A curious thing happened last week: China’s “wolf warriors” suddenly began to sit up and beg.

“We hope that the relationship can come back to the right track as early as possible, and we would welcome efforts by all who want the relations to improve to make some efforts,” said China’s Foreign Minister, Wang Yi.

Apart from a reflexive middle-finger, this statement also prompts the question: why?

What’s made Beijing suddenly want to kiss and make up? Could it possibly be that they needed our business far more than they let on?

This week a Deloitte Access Economics report noted that China’s trade war has caused the iron ore price to be bid up to historic highs on the world market, giving a huge boost to our miners, investors, and the economy.

High prices mean not just greater revenue for the Australian government, but higher costs for China, which desperately needs our raw ­materials to keep its own economy ticking over via their massive infrastructure program.

According to the analysis, by 2023-24, higher iron ore prices may leave our COVID-driven budget deficits $15 billion better off.

China’s attempt to punish Australia has already delivered plenty of wins for everyday Australians. Lobsters, which even in Tasmania were hard to get at any price, as the bulk of the catch was shipped off to China are suddenly so cheap that supermarkets have had to impose per-customer limits. Even better, lobster populations are recovering.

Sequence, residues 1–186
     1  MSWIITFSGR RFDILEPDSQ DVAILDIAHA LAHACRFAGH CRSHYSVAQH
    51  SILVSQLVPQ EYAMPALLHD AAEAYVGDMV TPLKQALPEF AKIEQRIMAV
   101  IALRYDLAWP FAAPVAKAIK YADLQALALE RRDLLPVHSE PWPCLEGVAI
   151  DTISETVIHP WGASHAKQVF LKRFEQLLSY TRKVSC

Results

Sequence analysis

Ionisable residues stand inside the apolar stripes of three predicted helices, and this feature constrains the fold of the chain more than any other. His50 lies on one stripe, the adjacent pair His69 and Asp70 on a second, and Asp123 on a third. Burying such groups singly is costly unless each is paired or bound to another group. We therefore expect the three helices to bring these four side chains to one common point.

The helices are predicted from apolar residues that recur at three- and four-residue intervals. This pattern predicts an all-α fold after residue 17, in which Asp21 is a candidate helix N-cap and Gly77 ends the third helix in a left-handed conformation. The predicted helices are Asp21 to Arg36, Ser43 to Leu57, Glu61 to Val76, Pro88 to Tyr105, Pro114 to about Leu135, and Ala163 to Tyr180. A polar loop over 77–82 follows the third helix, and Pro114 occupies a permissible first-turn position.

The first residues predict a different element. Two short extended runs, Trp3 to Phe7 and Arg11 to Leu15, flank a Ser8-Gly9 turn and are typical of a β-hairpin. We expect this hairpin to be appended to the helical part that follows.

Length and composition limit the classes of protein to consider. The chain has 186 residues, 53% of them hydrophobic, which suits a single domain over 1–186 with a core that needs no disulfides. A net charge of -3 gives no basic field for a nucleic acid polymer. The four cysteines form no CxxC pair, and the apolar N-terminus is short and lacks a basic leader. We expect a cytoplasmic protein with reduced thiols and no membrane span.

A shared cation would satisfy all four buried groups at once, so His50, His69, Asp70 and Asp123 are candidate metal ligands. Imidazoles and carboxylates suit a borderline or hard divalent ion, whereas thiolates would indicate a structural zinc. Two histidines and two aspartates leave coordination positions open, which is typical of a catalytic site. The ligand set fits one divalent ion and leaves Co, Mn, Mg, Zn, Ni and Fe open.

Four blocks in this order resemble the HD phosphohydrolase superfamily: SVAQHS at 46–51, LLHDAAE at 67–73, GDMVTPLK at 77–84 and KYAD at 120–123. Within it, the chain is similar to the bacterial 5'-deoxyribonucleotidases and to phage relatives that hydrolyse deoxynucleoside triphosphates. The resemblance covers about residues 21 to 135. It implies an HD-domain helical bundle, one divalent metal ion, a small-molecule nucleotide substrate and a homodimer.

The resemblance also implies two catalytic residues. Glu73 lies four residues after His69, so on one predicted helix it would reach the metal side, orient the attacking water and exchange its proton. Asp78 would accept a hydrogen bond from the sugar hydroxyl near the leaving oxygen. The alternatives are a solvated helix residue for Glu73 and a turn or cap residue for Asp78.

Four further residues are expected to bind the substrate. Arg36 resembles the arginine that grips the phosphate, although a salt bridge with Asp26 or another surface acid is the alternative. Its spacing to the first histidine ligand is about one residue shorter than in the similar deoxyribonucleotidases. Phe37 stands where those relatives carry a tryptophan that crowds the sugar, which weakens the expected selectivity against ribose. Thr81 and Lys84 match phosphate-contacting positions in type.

It’s likely that the effects at home are putting even more pressure on the communist regime.

No, China is not a democracy, nor is it a good place to go against the ­government, as the Chinese Com­munist Party’s millions of victims demonstrate.

But the country’s rising middle classes love Australian wine and food and other products for their quality, perceived status, and safety. Making them more expensive, or taking them off the table entirely is not popular, and could further shake confidence in Xi Jinping’s leadership.

Meanwhile, Australia has had a rude awakening that its over-reliance on China (while turning a blind eye to the gross brutality of the communist regime) was never a good idea. The affect on our university sector, in particular, has been catastrophic.

But China’ bullying has had other positive effects.

China’s petulance has done what our own politicians have been unable to do for decades: unite us around a common cause, for ­Australia.

Consider the patriotic memes that have been circulating online[…]with the exception of the blame Australia first left, as a country we have rarely felt so united.

The same thing is happening across the world, which is waking up to the challenge of China’s schoolyard bullying, and increasingly seems prepared to stand against it.

The Daily Telegraph

Therein lies the opportunities which Australia is already exploiting politically. A loose alliance, “the Quad”, is already forming among Asia-Pacific nations alarmed by the threat of an increasingly belligerent China. India is also signalling its interest in new trade arrangements with Australia.

We have nothing to lose but our Made in China shackles.

Here’s how much we care about your threats. Australian Foreign Minister Marise Payne and her Chinese counterpart Wang Yi. The BFD.

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Lushington D. Brady

Punk rock philosopher. Liberalist contrarian. Grumpy old bastard. I grew up in a generational-Labor-voting family. I kept the faith long after the political left had abandoned it. In last decade or...